What Doesn’t Kill You
Chapter 27: Adrift – Part 9/13
A Yu-Gi-Oh Fanfiction
By: Azurite – azurite AT seventh-star DOT net
Site: seventh-star DOT net
Conceptualized/First Written: 6/28/05
Completed/Final Edit: 8/6/16
“So uh…where’s San Francisco?” Téa joked as she looked over the ship’s railing with Mai. She still felt a little like she wasn’t actually standing on the ship’s private balcony. It was more like she was floating over the polished boards, flecks of glitter and paper bits strewn here and there.
‘Must have dragged it in here from when they exploded that silly confetti ball after…’ She still couldn’t quite process it. Even though she’d dreamed of it. She’d hoped for it. Maybe she sort of even planned for it with the way she’d arranged her deck. And she’d eventually made use of the cards Seto had given her….
Seto… and Malik. And Pegasus.
Mai wasn’t staring out at the fog-obscured city skyline. She handled their crystal trophy like a kaleidoscope, looking through it at varying distances.
“What, can’t believe it’s real?”
Téa shook her head and gripped the railing tighter. Maybe she could will the pangs of uncertainty to fly out of her head and disappear into the night. Her hands slipped nonetheless, clammy and smeared with something dark. She wiped them off on her skirt and reached for the award.
“You either?” Mai sighed, leaning on the railing after she handed the trophy off to Téa.
“No, I still feel… weird about it all, I guess. I figure once I get my feet on actual, solid ground again it’ll start to sink in.”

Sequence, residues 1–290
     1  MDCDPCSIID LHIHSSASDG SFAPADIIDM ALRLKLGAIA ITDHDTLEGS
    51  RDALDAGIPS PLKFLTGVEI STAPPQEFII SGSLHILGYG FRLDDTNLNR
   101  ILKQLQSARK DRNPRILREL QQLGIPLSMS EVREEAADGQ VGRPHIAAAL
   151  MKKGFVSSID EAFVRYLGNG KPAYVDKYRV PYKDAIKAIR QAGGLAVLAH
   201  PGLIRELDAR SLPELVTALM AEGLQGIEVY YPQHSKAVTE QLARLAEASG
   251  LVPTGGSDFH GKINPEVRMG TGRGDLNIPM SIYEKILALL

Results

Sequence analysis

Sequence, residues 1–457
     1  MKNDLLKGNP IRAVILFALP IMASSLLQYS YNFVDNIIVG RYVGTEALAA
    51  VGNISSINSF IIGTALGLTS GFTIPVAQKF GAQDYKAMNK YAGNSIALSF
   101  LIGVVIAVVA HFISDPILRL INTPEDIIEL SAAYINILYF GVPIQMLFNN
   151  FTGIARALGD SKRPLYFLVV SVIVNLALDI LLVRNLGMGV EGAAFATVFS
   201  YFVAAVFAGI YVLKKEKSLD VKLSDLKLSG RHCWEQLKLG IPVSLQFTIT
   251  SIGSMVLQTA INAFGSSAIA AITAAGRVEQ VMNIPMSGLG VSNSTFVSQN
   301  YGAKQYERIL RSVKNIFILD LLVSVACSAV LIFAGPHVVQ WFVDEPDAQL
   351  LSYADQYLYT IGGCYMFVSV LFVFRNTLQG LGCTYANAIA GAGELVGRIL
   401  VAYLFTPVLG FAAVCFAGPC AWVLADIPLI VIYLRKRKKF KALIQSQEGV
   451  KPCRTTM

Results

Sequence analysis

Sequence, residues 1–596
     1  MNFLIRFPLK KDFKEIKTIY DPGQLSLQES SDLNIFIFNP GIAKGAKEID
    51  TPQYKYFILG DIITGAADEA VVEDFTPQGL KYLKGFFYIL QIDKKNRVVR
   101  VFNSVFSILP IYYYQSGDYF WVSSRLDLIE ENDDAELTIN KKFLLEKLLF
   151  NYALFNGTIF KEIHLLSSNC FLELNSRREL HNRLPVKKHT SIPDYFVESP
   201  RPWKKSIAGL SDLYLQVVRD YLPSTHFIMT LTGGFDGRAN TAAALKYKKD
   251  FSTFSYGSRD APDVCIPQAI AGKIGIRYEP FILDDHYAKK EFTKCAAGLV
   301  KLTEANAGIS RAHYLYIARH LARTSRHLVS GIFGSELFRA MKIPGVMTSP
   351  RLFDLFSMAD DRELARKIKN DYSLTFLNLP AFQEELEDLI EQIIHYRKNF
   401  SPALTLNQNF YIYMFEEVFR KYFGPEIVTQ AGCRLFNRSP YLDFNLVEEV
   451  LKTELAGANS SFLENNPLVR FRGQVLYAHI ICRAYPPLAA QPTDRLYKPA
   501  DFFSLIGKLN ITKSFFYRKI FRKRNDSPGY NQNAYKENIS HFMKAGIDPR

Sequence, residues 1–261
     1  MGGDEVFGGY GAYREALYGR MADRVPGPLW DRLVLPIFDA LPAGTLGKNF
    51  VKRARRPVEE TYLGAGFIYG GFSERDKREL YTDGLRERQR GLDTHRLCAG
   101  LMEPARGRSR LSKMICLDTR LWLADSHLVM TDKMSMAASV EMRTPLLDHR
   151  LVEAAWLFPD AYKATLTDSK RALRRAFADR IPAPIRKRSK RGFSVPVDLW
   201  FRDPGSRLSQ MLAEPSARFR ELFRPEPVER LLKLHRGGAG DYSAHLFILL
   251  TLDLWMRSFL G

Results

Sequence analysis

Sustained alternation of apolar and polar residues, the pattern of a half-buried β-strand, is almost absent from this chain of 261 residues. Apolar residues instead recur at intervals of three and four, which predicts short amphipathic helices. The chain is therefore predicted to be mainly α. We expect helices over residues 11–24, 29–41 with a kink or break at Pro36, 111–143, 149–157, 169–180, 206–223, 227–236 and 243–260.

“I’m sure it’s out there somewhere,” Mai said with a half-grin. She gestured to the pier, a shadow in the dense fog.
She glanced at the watch that had replaced her Duel Disk ever since the tournament completed. For some reason, Mai had taken hers off almost immediately.
True, the Disk did have a weight to it. There was something heavy and hot Téa felt creeping up her own arm each time she dueled with one; did Mai get the same feeling?
The Solid Vision System provided tactile feedback from the loss of Life Points, but it was just supposed to be a vibration here, a shock there. Nothing serious. And nothing like the Dark Games Téa saw.
‘And that Mai was actually in,’ Téa remembered.
Téa opened her mouth, about to ask Mai if she was okay. Did she ever felt like the Duel Disk was too much to handle? That was when the emcee bounced onto the private deck.
“Hey champions! It’s time! We’re just about to dock. I wanted to be the first to welcome you to the U.S. of A!”
“Guess that means we better get our stuff,” Mai said. Téa couldn’t quite tell what her tone of voice indicated. Mai seemed… flat. Actually, the first word that came to Téa’s mind was “defeated,” but that made no sense.